“Aging Beauty” by dlerps is licensed with CC BY-ND 2.0.
About Time is a 2013 film about a man with the ability to travel in time, which he used to change his past in hopes of improving his future. The movie had a simple but profound message: to find happiness, live each day as if it were your last. The key to understanding this message may be found in Todd May’s book on Death (2009, p. 47): “Mortality offers meaning to the events of our lives, and morality helps us navigate that meaning. If one lives a limited amount of time, then it matters how one lives and acts.”
Our mortality – the fact that we are only going to be around for a certain amount of time guides us to contemplate the importance and meanings of our lives. This sense of mortality leads us to want to evaluate our lives – the past as well as the present.
Consciously or not, many of us subjectively evaluate past memories as well as objects from the past. If we were asked to describe something we remember, we review a range of memories to come up with something that was momentous and fond to us. Let us take the old trolley bus as an example. Reminiscent of a time when the city was less developed, the pace of life was a little slower, and when bus trips were checked by bus conductors, its mortality contributes to our contemplation of a romanticised era that is long gone. But herein lies the problem with such a contemplation: we often review and selectively remember the best of our past only to compare them with the harshness of our present times.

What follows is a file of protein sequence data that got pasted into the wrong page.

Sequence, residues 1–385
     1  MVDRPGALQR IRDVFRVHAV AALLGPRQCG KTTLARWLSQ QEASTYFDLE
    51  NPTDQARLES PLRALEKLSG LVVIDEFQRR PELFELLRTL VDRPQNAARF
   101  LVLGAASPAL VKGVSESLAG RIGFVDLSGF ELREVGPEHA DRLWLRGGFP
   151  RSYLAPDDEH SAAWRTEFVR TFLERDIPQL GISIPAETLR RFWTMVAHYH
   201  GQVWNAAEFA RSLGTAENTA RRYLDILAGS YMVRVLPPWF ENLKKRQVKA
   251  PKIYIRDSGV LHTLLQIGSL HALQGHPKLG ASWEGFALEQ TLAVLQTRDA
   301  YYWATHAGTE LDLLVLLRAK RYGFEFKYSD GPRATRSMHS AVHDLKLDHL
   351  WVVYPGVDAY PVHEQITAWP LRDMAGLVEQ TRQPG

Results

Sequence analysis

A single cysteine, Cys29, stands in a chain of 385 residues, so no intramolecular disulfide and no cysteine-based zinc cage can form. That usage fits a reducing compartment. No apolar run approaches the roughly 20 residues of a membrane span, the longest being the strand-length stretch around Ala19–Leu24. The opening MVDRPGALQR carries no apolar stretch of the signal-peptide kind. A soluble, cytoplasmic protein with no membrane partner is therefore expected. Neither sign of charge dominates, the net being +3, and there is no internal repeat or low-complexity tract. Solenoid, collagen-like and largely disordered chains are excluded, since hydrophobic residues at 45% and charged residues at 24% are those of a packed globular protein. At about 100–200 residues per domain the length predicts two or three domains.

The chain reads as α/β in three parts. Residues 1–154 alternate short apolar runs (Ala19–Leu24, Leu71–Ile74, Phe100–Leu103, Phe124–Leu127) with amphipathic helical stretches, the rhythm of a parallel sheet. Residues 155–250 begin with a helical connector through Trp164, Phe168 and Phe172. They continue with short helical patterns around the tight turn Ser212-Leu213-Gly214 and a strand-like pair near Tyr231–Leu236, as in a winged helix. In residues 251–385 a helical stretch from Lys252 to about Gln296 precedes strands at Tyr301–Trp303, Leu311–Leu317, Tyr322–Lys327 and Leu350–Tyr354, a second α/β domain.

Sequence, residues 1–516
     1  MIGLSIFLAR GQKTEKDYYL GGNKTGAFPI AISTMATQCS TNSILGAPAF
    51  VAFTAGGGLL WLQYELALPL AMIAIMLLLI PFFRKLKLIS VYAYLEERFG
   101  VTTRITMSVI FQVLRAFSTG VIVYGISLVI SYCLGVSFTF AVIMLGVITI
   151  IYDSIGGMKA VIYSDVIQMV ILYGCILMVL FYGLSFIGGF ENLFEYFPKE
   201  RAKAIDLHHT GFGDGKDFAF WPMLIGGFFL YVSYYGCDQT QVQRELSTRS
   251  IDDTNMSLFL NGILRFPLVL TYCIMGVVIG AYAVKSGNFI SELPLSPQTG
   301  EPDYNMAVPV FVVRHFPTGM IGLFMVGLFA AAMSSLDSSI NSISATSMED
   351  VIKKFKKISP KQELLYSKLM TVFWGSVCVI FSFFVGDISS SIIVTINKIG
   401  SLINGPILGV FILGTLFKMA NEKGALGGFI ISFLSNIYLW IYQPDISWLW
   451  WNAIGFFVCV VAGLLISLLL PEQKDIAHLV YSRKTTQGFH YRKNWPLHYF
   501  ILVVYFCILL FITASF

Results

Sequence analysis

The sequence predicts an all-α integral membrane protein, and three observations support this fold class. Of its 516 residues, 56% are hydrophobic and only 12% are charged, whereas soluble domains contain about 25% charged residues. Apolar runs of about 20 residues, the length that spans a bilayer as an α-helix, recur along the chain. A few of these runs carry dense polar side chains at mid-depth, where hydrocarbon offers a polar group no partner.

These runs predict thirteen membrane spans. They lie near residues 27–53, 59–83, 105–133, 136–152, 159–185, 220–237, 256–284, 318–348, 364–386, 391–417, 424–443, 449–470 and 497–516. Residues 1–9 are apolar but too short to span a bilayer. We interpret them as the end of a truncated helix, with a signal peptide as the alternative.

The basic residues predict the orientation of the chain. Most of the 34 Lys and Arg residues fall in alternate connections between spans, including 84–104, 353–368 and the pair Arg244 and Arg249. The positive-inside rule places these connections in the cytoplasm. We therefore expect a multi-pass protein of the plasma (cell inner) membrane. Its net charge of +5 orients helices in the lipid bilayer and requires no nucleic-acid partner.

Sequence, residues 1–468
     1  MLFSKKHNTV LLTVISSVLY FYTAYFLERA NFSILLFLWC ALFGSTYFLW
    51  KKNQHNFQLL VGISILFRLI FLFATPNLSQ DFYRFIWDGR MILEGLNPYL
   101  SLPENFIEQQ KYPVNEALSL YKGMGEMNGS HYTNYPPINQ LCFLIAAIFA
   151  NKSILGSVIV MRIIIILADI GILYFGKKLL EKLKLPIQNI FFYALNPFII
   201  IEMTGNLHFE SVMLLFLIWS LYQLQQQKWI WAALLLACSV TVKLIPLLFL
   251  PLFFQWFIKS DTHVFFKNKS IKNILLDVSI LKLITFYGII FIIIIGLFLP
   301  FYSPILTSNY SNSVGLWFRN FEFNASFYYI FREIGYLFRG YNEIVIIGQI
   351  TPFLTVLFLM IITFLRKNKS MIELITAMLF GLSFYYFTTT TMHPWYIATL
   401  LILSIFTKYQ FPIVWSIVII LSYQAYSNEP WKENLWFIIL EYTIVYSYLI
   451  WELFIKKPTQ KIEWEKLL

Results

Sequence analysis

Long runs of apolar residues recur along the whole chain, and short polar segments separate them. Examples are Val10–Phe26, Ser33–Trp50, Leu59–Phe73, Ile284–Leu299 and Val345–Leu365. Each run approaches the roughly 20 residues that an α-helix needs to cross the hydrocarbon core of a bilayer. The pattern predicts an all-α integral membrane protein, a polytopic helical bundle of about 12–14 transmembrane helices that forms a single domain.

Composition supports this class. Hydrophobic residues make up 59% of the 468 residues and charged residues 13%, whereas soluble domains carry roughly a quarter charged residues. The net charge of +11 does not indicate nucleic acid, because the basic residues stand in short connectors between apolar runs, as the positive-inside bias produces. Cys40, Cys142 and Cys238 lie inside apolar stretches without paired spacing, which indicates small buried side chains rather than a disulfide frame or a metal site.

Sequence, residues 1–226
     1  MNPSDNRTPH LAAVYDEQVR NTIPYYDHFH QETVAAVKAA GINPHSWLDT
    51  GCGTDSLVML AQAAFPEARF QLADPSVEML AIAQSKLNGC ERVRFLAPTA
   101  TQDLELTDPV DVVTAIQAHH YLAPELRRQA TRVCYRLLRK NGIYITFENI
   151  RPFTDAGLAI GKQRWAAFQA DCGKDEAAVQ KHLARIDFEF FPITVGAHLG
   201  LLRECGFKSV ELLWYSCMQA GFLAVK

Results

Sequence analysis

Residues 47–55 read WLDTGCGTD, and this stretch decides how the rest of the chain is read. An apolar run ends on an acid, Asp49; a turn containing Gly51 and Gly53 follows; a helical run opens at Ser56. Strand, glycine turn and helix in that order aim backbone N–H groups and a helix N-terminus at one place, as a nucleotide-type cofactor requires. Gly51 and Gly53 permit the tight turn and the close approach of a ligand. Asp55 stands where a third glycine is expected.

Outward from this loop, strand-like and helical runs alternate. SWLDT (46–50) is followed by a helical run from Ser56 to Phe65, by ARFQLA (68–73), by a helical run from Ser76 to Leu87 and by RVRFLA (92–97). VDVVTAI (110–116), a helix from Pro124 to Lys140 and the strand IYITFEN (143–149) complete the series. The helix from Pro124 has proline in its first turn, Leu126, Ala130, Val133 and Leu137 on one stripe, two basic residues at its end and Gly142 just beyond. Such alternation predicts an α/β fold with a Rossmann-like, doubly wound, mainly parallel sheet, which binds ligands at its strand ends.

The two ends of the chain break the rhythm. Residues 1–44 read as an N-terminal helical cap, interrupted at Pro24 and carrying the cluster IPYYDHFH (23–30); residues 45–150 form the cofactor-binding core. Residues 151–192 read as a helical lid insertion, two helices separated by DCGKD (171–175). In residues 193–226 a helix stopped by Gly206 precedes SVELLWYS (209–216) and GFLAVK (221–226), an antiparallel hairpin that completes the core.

The old trolleybus may still be here, but the times supporting its operations are long gone. What is the point of connecting something from the past to the present? How do we make such connections meaningful? Who is boarding the bus in the present and how do they connect to the passengers of the past? What values, if any, are we connecting with via the old trolleybus?
May, T. (2009). Death. Durham: Routledge.